- "Ghost" redirects here; for the 1990 film, see Ghost (film)
In traditional belief, ghosts are the souls or spirits of deceased persons or animals that can appear, in visible form or other manifestation, to the living. Descriptions of the apparition of ghosts vary widely: The mode of manifestation can range from an invisible presence to translucent or wispy shapes, to realistic, life-like visions. The deliberate attempt to contact the spirit of a deceased person is known as necromancy, or in spiritism as a séance.
The belief in manifestations of the spirits of the dead is widespread, dating back to animism or ancestor worship in pre-literate cultures. Certain religious practices—funeral rites, exorcisms, and some practices of spiritualism and ritual magic—are specifically designed to appease the spirits of the dead. Ghosts are generally described as solitary essences that haunt particular locations, objects, or people they were associated with in life, though stories of the phantom armies, ghost trains, phantom ships, and even ghost animals have also been recounted.
- Great Pompey's shade complains that we are slow,
And Scipio's ghost walks unavenged amongst us!
- Joseph Addison, Cato, A Tragedy (1713), Act II, scene 1.
- Where entity and quiddity,
The ghosts of defunct bodies, fly.
- Samuel Butler, Hudibras, Part I (1663-64), Canto I, line 145.
- Of calling shapes, and beck'ning shadows dire,
And airy tongues that syllable men's names.
- For spirits when they please
Can either sex assume, or both.
- Whence and what are thou, execrable shape?
- All heart they live, all head, all eye, all ear,
All intellect, all sense, and as they please
They limb themselves, and colour, shape, or size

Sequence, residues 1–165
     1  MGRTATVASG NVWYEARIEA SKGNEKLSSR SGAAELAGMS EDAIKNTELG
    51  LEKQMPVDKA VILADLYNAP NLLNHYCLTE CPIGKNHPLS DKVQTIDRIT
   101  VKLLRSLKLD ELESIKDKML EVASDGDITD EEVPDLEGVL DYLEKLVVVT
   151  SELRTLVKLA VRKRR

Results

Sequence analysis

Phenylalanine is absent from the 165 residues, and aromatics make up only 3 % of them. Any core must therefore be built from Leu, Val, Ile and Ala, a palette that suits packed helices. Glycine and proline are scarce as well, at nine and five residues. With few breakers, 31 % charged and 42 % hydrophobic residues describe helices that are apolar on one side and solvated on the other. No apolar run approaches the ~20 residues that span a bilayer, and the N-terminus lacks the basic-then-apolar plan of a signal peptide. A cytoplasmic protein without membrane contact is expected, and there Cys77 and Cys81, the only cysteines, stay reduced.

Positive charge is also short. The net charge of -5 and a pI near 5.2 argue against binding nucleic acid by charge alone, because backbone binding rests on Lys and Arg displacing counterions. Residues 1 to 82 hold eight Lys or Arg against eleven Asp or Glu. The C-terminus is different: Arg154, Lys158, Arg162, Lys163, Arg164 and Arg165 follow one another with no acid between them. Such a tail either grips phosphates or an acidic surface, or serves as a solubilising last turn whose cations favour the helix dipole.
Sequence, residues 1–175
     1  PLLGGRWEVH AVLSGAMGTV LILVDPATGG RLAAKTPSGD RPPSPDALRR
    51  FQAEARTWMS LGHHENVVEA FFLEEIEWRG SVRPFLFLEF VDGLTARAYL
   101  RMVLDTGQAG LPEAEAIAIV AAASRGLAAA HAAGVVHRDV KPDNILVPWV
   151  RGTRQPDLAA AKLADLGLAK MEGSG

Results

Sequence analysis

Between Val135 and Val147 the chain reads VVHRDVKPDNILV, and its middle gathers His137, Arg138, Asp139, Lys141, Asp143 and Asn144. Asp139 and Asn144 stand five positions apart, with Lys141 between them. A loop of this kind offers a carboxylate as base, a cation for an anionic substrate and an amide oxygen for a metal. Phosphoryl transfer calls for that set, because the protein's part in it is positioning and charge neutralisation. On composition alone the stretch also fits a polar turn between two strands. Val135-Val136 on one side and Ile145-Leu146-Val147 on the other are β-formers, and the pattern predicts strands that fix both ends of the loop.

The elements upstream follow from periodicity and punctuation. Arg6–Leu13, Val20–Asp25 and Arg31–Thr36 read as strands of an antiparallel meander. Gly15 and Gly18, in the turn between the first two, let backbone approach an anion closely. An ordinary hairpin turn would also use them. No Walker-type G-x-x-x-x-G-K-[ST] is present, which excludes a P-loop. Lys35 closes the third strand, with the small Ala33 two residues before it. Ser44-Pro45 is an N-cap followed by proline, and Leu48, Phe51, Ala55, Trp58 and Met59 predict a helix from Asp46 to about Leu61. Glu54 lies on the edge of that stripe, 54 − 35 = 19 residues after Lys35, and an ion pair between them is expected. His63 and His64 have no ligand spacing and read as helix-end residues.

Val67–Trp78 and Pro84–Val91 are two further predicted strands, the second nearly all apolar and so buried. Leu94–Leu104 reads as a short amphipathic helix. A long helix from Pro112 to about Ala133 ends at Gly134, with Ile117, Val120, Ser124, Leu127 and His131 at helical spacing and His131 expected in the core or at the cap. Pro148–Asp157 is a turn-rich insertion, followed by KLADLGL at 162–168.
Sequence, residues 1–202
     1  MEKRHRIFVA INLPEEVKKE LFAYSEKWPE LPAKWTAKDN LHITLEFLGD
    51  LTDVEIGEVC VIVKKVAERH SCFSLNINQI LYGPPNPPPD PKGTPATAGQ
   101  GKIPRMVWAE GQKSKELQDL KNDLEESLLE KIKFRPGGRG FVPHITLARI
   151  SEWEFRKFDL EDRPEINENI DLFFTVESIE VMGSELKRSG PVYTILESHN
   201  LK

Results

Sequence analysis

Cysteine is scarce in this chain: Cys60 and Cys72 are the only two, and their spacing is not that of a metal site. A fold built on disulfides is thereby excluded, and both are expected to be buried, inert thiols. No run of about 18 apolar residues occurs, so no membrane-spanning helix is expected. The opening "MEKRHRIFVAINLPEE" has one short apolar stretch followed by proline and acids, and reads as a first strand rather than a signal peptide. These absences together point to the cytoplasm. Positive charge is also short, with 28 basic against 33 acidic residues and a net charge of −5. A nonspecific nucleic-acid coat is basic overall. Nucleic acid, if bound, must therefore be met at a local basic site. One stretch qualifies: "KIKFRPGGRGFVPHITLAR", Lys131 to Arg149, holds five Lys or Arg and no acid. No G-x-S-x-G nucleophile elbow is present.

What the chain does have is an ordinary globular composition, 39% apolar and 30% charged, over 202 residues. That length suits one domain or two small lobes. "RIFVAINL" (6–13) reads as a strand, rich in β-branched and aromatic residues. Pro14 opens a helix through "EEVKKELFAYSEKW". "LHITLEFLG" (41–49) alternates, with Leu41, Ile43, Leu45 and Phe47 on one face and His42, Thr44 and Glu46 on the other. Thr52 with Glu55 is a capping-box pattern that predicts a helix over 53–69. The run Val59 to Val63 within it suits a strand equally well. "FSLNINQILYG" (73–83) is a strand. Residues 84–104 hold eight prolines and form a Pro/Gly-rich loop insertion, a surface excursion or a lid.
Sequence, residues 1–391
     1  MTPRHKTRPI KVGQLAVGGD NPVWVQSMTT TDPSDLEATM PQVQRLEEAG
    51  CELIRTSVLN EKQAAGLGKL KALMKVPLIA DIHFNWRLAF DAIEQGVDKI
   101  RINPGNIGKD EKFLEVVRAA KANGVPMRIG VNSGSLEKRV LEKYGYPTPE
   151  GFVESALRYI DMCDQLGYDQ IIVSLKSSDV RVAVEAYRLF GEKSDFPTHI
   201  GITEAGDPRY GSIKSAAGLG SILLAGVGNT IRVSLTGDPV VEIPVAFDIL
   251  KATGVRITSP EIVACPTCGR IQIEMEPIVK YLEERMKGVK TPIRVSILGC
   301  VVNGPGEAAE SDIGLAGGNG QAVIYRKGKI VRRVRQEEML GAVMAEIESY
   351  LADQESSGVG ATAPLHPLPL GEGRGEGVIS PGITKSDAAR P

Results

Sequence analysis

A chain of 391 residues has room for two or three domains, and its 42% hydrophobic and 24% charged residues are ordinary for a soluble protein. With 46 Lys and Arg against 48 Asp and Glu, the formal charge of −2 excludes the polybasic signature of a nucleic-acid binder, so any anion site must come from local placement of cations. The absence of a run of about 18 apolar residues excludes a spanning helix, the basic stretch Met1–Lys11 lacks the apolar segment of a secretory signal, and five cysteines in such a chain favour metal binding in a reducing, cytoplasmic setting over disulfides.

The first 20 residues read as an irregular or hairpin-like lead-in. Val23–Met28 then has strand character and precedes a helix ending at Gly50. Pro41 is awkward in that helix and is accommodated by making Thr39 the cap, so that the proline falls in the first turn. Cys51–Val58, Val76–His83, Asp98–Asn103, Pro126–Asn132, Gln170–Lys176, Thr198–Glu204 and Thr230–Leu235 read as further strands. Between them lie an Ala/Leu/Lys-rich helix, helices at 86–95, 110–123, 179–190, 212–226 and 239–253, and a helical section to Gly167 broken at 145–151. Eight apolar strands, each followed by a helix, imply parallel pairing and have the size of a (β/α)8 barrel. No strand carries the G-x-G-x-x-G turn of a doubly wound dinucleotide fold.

Assume, as likes them best, condense or rare.
- The graves stood tenantless, and the sheeted dead
Did squeak and gibber in the Roman streets.
- There needs no ghost, my lord, come from the grave.
To tell us this.
- I can call spirits from the vasty deep.
Why, so can I, or so can any man;
But will they come when you do call for them?
- What are these,
So wither'd, and so wild in their attire;
That look not like the inhabitants o' th' earth,
And yet are on 't?
- Is this a dagger which I see before me,
The handle toward my hand?
- A dagger of the mind, a false creation,
Proceeding from the heat-oppressed brain?
- Now it is the time of night,
That the graves, all gaping wide,
Every one lets forth his sprite,
In the church-way paths to glide.
Hoyt's New Cyclopedia Of Practical QuotationsEdit
- Quotes reported in Hoyt's New Cyclopedia Of Practical Quotations (1922), p. 33-34.
- Who gather round, and wonder at the tale
Of horrid apparition, tall and ghastly,
That walks at dead of night, or takes his stand
O'er some new-open'd grave; and, (strange to tell!)
Evanishes at crowing of the cock.
- Robert Blair, The Grave, line 67.
- The Nightmare Life-in-Death was she.
- Samuel Taylor Coleridge, The Ancient Mariner, Part III.
- The unexpected disappearance of Mr. Canning from the scene, followed by the transient and embarrassed phantom of Lord Goderich. (Quoted, "He flits across the stage a transient and embarrassed phantom.")
- Benjamin Disraeli, Endymian, Chapter III.
- Thin, airy shoals of visionary ghosts.
- Homer, Odyssey, Book XI, line 48. Pope's translation.
- So many ghosts, and forms of fright,
Have started from their graves to-night,
They have driven sleep from mine eyes away;
I will go down to the chapel and pray.
- Henry Wadsworth Longfellow, The Golden Legend (1872), Part IV.
- What beck'ning ghost along the moonlight shade
Invites my steps, and points to yonder glade?
- Alexander Pope, Elegy to the Memory of an Unfortunate Lady, line 1.
- My people too were scared with eerie sounds,
A footstep, a low throbbing in the walls,
A noise of falling weights that never fell,
Weird whispers, bells that rang without a hand,
Door-handles turn'd when none was at the door,
And bolted doors that open'd of themselves;
And one betwixt the dark and light had seen
Her, bending by the cradle of her babe.
- Alfred Tennyson, The Ring.
- I look for ghosts; but none will force
Their way to me; 'tis falsely said
That even there was intercourse
Between the living and the dead.
- William Wordsworth, Affliction of Margaret.